Fiction Reading as Medicine

The two researchers Lena Mårtensson, licenced occupational therapist, and Cecilia Pettersson, literary scholar, interviewed eight women of working age who had been sick-listed for 4-36 months about their experiences with fiction reading while sick-listed.
‘Fiction reading is a meaningful activity that the sick-listed women decided on their own to do, and it strengthened their ability to take part in everyday activities,’ says Mårtensson.

The study shows that the reading relates to an outer, concrete reality and to an inner, more subjectively perceived experience. At a concrete level, the reading helped the women re-gain their capacity and structure in everyday life. The reading also contributed to self-knowledge and self-understanding via the subjective experience, and provided a private space for recovery.
All women in the study had always had a strong interest in reading. However, many of them indicated that, when first becoming sick-listed, they reduced their reading or had no energy to read at all.

‘Once they returned to reading, most of them chose light-hearted fiction such as chick-lit and books reflecting their own situation. As they gradually felt better, they increasingly returned to the type of literature they had read in the past,’ says Pettersson.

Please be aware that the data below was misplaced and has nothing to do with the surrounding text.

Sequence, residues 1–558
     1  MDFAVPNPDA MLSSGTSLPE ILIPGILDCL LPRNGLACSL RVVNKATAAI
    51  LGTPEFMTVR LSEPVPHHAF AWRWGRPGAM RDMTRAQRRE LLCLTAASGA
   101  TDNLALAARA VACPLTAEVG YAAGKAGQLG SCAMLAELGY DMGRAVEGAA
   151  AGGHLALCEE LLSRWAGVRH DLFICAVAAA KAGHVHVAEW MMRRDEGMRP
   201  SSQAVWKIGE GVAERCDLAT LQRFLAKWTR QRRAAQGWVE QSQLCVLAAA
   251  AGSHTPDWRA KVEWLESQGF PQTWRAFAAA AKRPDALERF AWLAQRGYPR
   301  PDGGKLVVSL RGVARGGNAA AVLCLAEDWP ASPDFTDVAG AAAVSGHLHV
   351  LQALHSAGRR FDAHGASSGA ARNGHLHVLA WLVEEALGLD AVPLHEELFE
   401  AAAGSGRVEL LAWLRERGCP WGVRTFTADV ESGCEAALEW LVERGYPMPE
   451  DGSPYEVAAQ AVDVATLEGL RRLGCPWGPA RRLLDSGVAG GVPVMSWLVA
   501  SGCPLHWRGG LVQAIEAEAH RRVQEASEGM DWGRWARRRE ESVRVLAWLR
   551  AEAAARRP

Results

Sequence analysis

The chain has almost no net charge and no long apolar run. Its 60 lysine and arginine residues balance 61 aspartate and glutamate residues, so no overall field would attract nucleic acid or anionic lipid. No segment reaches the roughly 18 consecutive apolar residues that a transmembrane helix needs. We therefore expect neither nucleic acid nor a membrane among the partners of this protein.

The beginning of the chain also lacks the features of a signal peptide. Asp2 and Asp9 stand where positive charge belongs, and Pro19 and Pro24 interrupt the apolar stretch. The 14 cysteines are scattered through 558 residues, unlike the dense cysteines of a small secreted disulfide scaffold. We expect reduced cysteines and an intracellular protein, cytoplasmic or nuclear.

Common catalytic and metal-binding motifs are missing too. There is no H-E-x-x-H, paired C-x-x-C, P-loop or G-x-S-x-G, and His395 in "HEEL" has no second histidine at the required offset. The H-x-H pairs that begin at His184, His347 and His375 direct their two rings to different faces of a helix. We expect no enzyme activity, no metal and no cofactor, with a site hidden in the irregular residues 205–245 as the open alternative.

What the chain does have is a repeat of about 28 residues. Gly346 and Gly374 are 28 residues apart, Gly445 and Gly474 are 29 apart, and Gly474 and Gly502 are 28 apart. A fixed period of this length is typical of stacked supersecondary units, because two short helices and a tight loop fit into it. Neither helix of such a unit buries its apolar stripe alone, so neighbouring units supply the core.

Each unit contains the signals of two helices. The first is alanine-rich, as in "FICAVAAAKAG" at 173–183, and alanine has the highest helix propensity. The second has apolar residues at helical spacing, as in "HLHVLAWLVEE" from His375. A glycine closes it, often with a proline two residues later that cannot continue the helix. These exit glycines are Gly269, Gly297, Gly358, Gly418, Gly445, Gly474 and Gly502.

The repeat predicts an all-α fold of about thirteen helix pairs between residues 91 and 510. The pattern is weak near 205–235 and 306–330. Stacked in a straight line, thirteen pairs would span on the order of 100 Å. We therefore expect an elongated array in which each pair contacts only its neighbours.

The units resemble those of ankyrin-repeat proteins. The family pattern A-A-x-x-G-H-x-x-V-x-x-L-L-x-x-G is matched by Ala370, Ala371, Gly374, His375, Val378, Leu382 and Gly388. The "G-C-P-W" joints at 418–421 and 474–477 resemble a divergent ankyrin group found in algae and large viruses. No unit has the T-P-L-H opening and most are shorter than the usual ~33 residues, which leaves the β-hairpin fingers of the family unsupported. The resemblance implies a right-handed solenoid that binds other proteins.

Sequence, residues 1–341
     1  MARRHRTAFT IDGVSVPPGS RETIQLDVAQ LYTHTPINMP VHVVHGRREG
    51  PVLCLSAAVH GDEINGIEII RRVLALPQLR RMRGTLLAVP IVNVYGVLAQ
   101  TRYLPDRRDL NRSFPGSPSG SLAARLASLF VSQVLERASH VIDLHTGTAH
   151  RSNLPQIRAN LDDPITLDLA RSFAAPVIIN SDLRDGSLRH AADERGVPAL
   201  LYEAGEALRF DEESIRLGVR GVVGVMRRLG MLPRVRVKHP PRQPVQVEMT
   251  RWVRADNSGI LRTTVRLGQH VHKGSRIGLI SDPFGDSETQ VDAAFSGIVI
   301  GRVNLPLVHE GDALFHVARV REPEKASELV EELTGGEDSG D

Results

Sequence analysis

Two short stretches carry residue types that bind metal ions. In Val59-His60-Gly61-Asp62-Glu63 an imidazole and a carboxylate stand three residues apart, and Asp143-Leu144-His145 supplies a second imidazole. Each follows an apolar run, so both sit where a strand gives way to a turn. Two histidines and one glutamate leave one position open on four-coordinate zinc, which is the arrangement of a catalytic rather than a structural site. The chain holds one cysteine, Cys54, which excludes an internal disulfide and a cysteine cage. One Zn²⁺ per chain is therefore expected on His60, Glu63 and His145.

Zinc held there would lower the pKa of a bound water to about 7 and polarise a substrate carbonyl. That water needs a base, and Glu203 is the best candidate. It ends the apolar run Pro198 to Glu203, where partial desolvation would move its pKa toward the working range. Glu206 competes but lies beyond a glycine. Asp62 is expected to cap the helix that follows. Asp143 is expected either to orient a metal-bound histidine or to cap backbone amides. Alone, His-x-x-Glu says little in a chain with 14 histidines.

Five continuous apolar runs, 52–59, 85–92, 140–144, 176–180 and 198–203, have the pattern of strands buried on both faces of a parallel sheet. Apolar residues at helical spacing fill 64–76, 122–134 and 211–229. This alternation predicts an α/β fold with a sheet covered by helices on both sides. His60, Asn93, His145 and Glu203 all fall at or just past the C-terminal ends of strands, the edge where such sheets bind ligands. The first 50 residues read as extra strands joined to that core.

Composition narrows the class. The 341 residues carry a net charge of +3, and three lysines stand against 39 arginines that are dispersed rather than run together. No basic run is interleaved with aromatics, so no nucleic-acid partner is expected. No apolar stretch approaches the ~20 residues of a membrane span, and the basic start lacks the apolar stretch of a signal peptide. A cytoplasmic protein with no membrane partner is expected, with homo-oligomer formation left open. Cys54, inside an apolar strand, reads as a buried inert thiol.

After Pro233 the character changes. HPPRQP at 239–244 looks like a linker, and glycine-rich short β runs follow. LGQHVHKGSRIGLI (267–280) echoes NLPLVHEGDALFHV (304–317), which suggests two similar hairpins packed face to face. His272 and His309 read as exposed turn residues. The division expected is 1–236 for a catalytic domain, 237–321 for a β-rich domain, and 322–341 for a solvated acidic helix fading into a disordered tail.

The women described many different approaches to reading while sick-listed. Some preferred stories reflecting their own situation and identified strongly with the texts. Others read for aesthetic enjoyment or to escape from their illness for a moment.
‘Many women read in all of these different ways but at different times during their sick leave, feeling that it greatly contributed to their rehabilitation. This points to the breadth of therapeutic reading and the danger in trying to regulate this type of reading too much,’ says Pettersson.

The study also shows that the reading has many dimensions. It relates to the women’s willingness, physical and mental ability, to relations and to strengthened self-esteem .
‘Reading can encourage sick-listed individuals to become more actively involved in their rehabilitation,’ says Mårtensson.

About the study:
The research project is an interdisciplinary collaboration between the Institute of Neuroscience and Physiology/Occupational Therapy and the Department of Literature, History of Ideas, and Religion. By combining a rehabilitation-scientific and a literary-scientific perspective, the project has yielded new knowledge about fiction reading while sick-listed and the processes involved.

More information:
Lena Mårtensson, tel.: +46 (0)703 33 69 48, e-mail: lena.i.martensson@gu.se
Cecilia Pettersson, tel.: +46 (0)737 59 04 95, e-mail: cecilia.pettersson@lir.gu.se

Scroll to Top